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Dr. Amir Lakhani and his wife, Dr. Dilshad Sumar-Lakhani, know what it’s like to grow up without the basics of human comfort. So when they heard about a nonprofit sending sanitation supplies to refugees in the Middle East, and learned that hygiene was a critical need, they saw an opportunity to help.
They made a grant recommendation from their Fidelity Charitable Giving Account to an environmental charity to fund the production of 10,000 bars of soap to go in hygiene packs. The bars had been recycled from hotels and sanitized for reuse, allowing Dr. Lakhani and Dr. Sumar to help the environment while helping those in crisis.
It's just one example of how they use their Giving Account, or donor-advised fund, to do a world of good. The couple likes to create linkages in their charitable giving; they help to alleviate multiple social problems at once by connecting and supporting nonprofits, with the ultimate goal of lessening human suffering.Learn more about donor-advised funds
Dr. Lakhani and Dr. Sumar both grew up underprivileged in East Africa, the children of Indian immigrants. Dr. Lakhani recalls his parents struggling to afford the $1 tuition for his school in Uganda. He was passionate about learning and yearned to read more about the world around him, but those books were rarely available. Dr. Sumar made the difficult choice to leave East Africa at age 16 to pursue higher education and to support her siblings, who would also study abroad.
Despite the odds against them, Dr. Lakhani became a physicist and Dr. Sumar became a pediatric dentist. They made a life for themselves in the United States, raised a family and prospered.
"We have risen from the bottom of the ladder to a comfortable rung," said Dr. Sumar. "We are lucky. But we have to be aware that people still are in these situations, and we can help them get out from underneath."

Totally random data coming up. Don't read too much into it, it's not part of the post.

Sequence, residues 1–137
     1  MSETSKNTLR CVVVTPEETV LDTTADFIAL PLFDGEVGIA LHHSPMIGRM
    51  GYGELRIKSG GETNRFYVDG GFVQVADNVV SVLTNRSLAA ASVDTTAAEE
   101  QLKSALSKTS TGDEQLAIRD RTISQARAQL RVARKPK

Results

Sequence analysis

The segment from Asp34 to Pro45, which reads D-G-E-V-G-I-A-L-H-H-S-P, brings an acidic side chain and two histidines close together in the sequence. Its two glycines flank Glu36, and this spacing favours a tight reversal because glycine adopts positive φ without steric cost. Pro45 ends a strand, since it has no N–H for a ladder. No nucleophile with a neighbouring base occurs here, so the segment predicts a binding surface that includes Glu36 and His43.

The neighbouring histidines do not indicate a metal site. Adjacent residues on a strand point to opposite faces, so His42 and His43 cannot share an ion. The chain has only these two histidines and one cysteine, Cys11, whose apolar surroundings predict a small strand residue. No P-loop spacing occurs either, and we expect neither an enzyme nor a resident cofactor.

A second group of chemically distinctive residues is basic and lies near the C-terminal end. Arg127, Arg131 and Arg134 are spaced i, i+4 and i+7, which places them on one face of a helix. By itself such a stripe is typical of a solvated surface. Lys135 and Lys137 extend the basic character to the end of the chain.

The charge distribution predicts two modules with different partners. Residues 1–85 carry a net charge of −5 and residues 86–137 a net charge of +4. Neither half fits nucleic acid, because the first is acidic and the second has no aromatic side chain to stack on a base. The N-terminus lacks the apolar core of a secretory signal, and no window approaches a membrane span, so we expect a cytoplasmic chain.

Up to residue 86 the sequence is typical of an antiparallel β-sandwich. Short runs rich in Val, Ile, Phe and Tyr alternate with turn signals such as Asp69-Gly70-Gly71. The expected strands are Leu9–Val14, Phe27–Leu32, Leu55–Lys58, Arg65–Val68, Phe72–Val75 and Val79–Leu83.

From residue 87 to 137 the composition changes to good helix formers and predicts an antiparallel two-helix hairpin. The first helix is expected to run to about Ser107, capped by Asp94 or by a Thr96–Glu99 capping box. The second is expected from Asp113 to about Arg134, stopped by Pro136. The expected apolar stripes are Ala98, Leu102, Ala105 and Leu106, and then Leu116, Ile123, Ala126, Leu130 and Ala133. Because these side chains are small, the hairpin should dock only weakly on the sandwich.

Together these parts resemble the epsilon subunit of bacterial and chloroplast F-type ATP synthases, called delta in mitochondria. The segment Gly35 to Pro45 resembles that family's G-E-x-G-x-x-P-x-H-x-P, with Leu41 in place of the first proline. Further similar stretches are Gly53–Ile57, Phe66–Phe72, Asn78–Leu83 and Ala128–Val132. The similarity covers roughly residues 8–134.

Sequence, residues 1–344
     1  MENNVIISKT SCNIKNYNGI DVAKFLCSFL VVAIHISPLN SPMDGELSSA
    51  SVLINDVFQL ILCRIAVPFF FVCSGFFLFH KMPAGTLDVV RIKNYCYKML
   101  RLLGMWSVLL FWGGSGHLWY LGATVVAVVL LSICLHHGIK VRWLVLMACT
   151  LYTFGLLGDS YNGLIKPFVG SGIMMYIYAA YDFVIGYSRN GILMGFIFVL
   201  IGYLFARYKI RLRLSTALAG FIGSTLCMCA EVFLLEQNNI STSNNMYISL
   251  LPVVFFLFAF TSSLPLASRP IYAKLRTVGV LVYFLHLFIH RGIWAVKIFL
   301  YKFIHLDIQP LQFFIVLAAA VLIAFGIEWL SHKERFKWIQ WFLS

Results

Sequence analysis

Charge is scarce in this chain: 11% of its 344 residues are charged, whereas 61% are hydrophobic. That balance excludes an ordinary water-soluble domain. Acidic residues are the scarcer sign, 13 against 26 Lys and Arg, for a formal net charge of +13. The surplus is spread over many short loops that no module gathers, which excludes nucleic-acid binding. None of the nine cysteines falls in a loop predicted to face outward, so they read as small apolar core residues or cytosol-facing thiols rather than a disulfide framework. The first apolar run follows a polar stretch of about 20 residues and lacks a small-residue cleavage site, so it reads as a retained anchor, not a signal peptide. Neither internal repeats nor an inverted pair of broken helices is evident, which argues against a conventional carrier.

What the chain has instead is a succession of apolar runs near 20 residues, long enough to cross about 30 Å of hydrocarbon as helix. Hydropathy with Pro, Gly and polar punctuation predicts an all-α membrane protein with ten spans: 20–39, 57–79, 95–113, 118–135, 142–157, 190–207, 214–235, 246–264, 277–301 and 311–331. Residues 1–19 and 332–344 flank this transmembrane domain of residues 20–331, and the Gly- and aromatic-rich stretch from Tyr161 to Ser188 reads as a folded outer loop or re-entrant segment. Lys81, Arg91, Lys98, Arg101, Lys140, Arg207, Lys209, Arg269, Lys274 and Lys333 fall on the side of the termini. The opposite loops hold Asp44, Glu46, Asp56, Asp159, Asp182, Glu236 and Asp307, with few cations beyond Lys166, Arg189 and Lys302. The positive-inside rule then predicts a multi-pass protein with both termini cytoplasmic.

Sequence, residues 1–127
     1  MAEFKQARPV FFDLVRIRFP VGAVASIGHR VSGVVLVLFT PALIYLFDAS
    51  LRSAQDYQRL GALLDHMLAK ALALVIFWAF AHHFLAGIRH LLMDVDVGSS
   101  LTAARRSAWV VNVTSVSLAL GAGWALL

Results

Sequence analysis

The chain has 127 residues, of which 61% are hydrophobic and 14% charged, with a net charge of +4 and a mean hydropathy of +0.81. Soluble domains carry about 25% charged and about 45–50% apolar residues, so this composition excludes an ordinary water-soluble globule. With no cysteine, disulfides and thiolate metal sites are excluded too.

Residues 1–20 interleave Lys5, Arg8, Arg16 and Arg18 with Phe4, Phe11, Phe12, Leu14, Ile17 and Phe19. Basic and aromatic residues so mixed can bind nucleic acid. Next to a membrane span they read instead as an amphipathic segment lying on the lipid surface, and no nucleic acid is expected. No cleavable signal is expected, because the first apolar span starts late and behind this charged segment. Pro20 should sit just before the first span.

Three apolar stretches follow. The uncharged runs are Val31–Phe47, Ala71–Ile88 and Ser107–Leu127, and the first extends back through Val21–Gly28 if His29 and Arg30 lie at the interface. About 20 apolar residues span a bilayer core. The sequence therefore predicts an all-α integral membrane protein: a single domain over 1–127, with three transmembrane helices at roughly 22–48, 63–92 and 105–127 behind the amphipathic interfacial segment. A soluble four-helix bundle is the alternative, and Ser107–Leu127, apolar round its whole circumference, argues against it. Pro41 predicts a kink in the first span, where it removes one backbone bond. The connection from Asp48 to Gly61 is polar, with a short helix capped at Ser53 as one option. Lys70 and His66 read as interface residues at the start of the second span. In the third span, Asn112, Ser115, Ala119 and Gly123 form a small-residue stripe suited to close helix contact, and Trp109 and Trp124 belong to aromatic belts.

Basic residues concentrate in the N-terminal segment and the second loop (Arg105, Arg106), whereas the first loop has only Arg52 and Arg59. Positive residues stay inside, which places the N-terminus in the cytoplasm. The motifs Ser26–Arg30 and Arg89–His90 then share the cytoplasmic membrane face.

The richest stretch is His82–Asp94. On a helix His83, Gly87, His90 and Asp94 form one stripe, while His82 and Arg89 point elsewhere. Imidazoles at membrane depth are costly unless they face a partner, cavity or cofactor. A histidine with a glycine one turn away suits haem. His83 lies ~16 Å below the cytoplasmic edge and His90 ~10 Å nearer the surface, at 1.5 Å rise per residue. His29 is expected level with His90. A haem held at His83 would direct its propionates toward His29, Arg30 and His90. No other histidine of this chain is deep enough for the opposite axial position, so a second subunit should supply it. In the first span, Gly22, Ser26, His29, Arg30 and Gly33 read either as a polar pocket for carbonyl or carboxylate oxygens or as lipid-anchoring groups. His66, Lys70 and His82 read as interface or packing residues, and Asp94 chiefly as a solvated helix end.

They knew they would one day devote their time and financial resources to giving back. They established a donor-advised fund with Fidelity Charitable while they were still working, donating appreciated securities and growing their charitable dollars over time until they were ready to make a plan for giving in retirement.
That time came five years ago, when they began to research nonprofits to support with their Giving Account, the Sumar-Lakhani Foundation.
Since then, the couple has developed a knack for discovering novel ways to give and for finding organizations they want to help, including the Narenj Tree Foundation, the refugee aid group that had been sending clothes and other sanitation supplies to displaced Syrians; and the Orlando group, Clean the World, that recycles hotel soap. With their Giving Account, the couple has also provided support to send 5,000 toothbrushes to refugee camps.
"Our hope is to improve the quality of life in these temporary tents," said Dr. Lakhani, who says they also plan to donate solar lamps to refugee camps, so children can read at night.
The couple also prioritizes supporting educational programs abroad. Because the couple had such limited access to education early in their lives, they are now motivated to give back to programs like the ones that helped them become so successful.
Dr. Lakhani and Dr. Sumar work with small, local nonprofits and with their donor-advised fund support health and hygiene, the environment, education and social entrepreneurism for people all over the world–Cambodia, India, Tanzania and Afghanistan, just to name a few. From programs that teach girls and women how to sew, budget and earn a living for themselves in their villages to establishing pediatric dental clinics in remote areas, the couple say they spend 80 percent of their waking hours trying to make the world a better place.
A very small financial contribution can have a very large impact on people's lives.
"A very small financial contribution can have a very large impact on people's lives," said Dr. Lakhani. "We grew up with that kind of a situation ourselves, and we understand what a substantial difference it can make. So we focus on areas where the funding need is modest, but smartly utilized."
Their Giving Account has brought a welcome passion to Dr. Lakhani and Dr. Sumar's golden years, allowing them to help others overcome the kind of struggles they once knew.
"It has opened up an entirely new door, a new phase in our life," he said, "because these are things we love to do. But if we didn’t have the fund, it would be very hard to implement. Not only did it take the pressure off of us to distribute all of our funds early on, but our funds have also grown. Now, we can make a bigger impact."Learn more about donor-advised funds